Vaccinating the entire population of the country against COVID-19 is a hard feat to achieve given the weak health infrastructure of the country and various other factors like confusion and vaccine hesitancy. A strict lockdown and safety measures are the only way to deal with the second wave of the deadly disease.
COVID-19 was declared as a pandemic by the World Health Organization (WHO) on 11 March 2020. For a while it appeared that the disease had abated in India but suddenly it is in the midst of a crisis due to the massive surge of cases and a breakdown of its medical system in many parts of the country.
Controlling the disease has thrown up a conundrum. While vaccination is proceeding in the country new mutants of the virus have emerged and it is speculated that they may be able to evade the presently available vaccines. While some of the advanced countries have managed to vaccinate a significant percentage of their population by mid-April 2021, some countries have barely started and that would enable the virus to persist and mutate.
The rich countries had ordered 3 billion doses of the vaccine. Canada had ordered enough to vaccinate its population five times over. WHO had cautioned against such actions and had initiated the COVAX program for equitable sharing of the vaccines. It proposed distribution of 2 billion doses to 190 countries.
Caseload and Vaccination Strategy
India started its vaccination on 16 January when its case count was low (15,144) compared to its peak (97,894) in mid-September 2020. On 15 February, cases were down to 9,121 and the country was seemingly in a comfortable situation. Vaccination was proceeding slowly but hospitalization and deaths were dropping almost all over the country. Further, India was in the comfortable position of having the Serum Institute of India (SII), the largest producer of vaccines in the world, which claims that it can annually produce a billion doses and more if needed.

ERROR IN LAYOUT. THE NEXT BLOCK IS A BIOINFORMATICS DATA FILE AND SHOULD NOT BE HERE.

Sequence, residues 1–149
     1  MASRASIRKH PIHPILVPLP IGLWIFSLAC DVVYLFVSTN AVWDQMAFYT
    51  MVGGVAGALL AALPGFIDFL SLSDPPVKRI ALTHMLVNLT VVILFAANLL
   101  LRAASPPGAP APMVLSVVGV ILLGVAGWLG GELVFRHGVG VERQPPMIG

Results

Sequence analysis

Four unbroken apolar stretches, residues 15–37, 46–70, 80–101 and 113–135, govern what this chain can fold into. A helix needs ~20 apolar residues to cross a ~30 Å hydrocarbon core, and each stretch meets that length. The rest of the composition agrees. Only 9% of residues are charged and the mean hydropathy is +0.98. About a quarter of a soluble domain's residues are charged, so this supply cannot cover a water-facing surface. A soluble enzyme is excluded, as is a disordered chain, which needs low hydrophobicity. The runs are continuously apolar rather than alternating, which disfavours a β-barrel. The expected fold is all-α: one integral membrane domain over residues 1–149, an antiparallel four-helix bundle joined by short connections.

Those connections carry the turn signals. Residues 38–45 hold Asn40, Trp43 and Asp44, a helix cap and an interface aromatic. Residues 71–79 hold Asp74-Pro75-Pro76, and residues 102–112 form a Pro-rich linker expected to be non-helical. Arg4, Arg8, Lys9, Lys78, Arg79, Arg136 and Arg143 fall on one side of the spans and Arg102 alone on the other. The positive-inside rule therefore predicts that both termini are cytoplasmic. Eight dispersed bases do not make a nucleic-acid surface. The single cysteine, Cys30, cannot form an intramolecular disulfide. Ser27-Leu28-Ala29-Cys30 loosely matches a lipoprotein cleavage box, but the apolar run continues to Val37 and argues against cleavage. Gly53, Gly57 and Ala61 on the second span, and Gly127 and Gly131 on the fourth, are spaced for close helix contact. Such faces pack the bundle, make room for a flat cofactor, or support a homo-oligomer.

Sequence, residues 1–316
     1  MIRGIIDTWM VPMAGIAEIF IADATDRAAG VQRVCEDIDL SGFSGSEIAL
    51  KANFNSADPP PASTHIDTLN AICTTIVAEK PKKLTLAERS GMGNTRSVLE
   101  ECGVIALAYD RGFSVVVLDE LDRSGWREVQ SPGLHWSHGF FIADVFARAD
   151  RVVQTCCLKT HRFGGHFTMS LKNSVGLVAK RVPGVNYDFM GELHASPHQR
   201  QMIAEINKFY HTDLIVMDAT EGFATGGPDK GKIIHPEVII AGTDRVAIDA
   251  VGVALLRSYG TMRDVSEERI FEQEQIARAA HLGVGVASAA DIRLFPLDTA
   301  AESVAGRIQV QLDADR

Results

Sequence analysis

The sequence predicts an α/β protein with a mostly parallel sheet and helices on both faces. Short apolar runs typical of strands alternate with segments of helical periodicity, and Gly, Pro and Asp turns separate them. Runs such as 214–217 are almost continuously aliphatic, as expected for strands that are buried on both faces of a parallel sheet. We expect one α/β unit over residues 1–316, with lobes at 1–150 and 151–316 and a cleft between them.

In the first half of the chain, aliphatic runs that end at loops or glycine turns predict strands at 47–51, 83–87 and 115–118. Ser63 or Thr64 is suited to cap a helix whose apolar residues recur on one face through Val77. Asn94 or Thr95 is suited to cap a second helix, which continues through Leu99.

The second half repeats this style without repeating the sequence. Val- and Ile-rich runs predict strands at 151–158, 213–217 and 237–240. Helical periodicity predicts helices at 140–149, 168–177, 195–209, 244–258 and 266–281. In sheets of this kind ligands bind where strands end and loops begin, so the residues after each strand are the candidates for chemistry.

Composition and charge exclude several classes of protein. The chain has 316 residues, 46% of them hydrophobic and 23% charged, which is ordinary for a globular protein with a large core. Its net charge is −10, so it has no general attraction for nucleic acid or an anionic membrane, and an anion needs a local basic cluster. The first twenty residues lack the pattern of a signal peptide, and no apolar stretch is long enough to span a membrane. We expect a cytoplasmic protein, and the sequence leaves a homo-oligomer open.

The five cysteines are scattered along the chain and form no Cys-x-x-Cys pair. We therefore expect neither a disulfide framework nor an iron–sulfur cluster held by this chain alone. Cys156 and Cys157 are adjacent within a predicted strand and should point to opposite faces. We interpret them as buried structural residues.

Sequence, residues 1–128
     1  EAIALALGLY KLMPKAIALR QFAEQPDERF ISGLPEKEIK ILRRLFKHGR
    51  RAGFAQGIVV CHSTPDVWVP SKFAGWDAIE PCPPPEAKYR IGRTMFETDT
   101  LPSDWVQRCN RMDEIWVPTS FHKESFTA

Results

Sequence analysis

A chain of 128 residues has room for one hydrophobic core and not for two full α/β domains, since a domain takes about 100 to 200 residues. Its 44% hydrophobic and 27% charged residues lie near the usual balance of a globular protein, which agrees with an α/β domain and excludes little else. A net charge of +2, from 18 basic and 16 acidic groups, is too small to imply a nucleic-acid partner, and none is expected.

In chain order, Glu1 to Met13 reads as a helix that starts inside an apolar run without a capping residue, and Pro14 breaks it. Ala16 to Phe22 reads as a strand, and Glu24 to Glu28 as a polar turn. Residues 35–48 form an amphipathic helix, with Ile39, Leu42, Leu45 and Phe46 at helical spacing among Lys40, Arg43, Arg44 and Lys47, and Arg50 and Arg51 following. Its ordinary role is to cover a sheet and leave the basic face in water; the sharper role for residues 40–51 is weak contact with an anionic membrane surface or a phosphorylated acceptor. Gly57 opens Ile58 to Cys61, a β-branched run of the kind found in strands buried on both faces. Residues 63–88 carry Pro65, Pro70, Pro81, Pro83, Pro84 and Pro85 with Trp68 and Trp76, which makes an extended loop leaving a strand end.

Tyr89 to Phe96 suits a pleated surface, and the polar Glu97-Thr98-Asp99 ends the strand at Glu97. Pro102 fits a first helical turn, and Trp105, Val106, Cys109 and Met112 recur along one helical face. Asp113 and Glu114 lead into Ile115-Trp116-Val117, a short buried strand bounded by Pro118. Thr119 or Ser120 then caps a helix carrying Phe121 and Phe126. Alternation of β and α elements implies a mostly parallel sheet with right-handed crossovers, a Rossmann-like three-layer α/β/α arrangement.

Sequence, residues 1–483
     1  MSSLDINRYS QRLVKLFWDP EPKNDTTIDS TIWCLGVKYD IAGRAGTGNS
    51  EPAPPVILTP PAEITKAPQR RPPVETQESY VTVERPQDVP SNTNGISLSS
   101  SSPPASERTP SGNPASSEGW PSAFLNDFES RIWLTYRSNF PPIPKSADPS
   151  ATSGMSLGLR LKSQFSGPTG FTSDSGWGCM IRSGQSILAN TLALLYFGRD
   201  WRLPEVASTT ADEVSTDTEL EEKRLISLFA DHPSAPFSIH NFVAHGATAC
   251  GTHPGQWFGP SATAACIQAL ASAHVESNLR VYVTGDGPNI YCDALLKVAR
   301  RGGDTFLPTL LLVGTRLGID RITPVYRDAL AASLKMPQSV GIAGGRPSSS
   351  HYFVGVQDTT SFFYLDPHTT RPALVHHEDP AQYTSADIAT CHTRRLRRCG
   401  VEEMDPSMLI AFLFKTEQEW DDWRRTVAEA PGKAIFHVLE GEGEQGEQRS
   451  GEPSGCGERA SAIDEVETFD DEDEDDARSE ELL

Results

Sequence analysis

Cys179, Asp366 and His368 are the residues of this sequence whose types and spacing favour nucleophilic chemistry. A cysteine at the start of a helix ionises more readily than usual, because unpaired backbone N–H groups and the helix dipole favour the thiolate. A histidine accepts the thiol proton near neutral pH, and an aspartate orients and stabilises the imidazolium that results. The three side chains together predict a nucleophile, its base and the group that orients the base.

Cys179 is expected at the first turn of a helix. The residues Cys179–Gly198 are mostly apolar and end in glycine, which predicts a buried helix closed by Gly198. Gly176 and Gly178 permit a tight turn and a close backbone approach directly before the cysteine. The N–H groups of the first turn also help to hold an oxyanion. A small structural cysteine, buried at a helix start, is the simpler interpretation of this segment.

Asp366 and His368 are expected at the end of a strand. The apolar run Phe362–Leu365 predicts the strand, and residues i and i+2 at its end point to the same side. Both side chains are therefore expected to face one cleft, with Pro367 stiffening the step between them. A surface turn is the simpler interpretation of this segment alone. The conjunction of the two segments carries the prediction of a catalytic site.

The situation has turned adverse since February. New cases have risen fast in most states, notably Maharashtra, Kerala, Uttar Pradesh, Karnataka, Tamil Nadu and Delhi. Districts in Maharashtra have seen a rapid rise in positivity rates and deaths. There are reports of a new mutant affecting India, which may be the reason for the increase in the number of cases and deaths. This strain is apparently different from the highly contagious South African, United Kingdom and Brazilian variants.
The vaccination program is unfortunately proceeding slowly. In the first month of vaccination, barely one crore people were vaccinated. Not even all the frontline workers had got one dose and many did not come forward for the second one. One crore in a month means only 0.6% of the population had been vaccinated. In Israel, about 50% of the population got vaccinated by mid-February. The pace of vaccination has picked up and by mid-April more than 100 million had been vaccinated with at least one dose, but that is still about 7% of the population.
This contrast between India and Israel is not just due to the latter’s small population but due to differing administrative capacities. India’s weak administration is again in focus. It was known since mid-2020 that vaccination would have to start soon, but adequate protocols and logistics had not been worked out in advance to roll out a massive program.
Vaccines were ordered in January, whereas the United States and Europe had booked massive number of doses six months earlier. There was complacency; officials were assuring the nation that we are used to rapid inoculation and if India can conduct massive elections, it can also vaccinate rapidly. But recently, the country has faced the twin problem of shortage of vaccines and vaccination. This is due to weak infrastructure and people’s skepticism about the disease and vaccination.
At the present rate of vaccination of 30 million per month, if two doses are to be administered to 1.4 billion people it would take 93 months or 7.8 years to vaccinate the entire population. Since children below the age of 18 are not to be vaccinated at present, about 70% are to be vaccinated.
That would still mean 5.5 years. Further, since the immunity due to vaccination may not last more than one or two years, people would need to be vaccinated, say every two years. So, much before everyone gets vaccinated, several booster rounds of vaccination would be needed by those already vaccinated. So, a substantial portion of the population will never get covered.
Alternatively, to achieve herd immunity, 60% of the population has to be vaccinated according to some experts. This number can change with circumstances, but assuming this to be correct, at the current rate of vaccination, it would take 3.3 years. So, even this will not happen and the full benefit of vaccination would not be available.